Cooley Family donates clock to historical society
By Michael Howlett Staff Writer
A grandfather clock that has been in the Cooley Family for around 200 years has been donated to the Carroll County Historical Society by the family. The clock was made by Benjamin Cooley in the early 1800s, and was possibly the first clock of its type in Carroll County.
The clock had previously been displayed at the Carroll County Public Library, but had to be moved during renovations. It was then Kenny and Patty Ashley of the Time Factory were asked to repair the clock, so the Cooley family could present it to the historical society.
“I cleaned it and had to make one piece. It was striking every other hour to start with, but I kept working with it and now it’s working the way it’s supposed to,” said Ashley. “It’s actually one of the better timekeepers in my shop.”
“We definitely want to thank the Cooley family for this clock. We appreciate the gift and the contributions the Cooley family have made to Carroll County,” said Bill Webb, a member of the historical society. “We also want to thank Kenny and Patty (Ashley) for volunteering their time and effort to repair the clock.”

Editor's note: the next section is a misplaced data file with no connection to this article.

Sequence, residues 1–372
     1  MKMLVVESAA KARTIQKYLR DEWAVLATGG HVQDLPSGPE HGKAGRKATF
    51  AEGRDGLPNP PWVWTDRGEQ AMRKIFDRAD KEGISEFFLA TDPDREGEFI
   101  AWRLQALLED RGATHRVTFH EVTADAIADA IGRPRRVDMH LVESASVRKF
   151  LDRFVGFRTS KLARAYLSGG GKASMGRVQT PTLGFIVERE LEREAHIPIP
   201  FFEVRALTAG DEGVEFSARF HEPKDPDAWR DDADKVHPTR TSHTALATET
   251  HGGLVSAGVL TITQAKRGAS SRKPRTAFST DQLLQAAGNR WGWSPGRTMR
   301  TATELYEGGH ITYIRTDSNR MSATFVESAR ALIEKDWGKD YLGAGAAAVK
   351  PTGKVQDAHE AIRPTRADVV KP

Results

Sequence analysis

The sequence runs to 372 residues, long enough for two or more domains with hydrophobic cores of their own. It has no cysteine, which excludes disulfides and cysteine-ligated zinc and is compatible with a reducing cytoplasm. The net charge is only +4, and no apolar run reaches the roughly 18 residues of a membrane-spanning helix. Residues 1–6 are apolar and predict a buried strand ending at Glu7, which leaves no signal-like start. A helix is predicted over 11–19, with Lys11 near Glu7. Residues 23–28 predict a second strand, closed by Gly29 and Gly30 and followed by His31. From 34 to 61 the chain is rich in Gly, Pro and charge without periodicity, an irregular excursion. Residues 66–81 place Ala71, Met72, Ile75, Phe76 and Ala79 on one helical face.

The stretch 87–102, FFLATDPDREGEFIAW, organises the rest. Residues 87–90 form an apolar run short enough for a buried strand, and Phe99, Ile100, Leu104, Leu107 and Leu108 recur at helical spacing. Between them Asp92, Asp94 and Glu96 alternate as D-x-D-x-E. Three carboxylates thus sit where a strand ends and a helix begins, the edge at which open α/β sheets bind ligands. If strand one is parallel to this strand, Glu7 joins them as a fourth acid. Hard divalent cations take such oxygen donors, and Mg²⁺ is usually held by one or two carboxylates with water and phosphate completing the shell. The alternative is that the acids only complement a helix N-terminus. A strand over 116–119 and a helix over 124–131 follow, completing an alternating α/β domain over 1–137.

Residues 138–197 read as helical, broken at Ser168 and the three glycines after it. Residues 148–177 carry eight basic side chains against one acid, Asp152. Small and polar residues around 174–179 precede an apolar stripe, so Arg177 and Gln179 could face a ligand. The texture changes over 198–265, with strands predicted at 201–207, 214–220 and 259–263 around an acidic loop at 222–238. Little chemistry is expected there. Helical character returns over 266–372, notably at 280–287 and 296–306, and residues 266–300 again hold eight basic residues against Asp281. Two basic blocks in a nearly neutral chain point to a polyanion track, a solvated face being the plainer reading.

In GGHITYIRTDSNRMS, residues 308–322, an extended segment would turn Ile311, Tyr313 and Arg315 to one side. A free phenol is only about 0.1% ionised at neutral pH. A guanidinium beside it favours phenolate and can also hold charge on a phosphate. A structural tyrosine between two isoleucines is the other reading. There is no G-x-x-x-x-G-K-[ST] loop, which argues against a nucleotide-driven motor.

Raleigh Cooley, who served as Hillsville’s mayor for 20 years (1958-1978), spoke for the family, saying, “We’re delighted to give the clock to you and to have it here. This is a fine example of the work people did with their hands in the 1800s. I’m really glad and proud to have this clock displayed here for the public.”
Sometime in the early 1800s, Benjamin Cooley traveled to Salem, N.C., to learn how to make clocks from the Moravians. However, Cooley felt the Moravian’s price to teach him the art of clock making was too high, and he vowed to learn on his own. Cooley then traveled to Grayson County to visit a Mr. Bourne, who owned a grandfather clock. Cooley asked Bourne to allow him to make a pattern of the clock, and Bourne consented. Cooley took the clock apart and made patterns of all the running works, then began making his own clocks, most of which he sold.
The clock on display in the museum stands 78 inches high and has an eight-day wind. The large dial features two sequences, a smiling moon over a landscape on one half and a similar moon over a seascape on the other side. In addition, there is a 30-day calendar.
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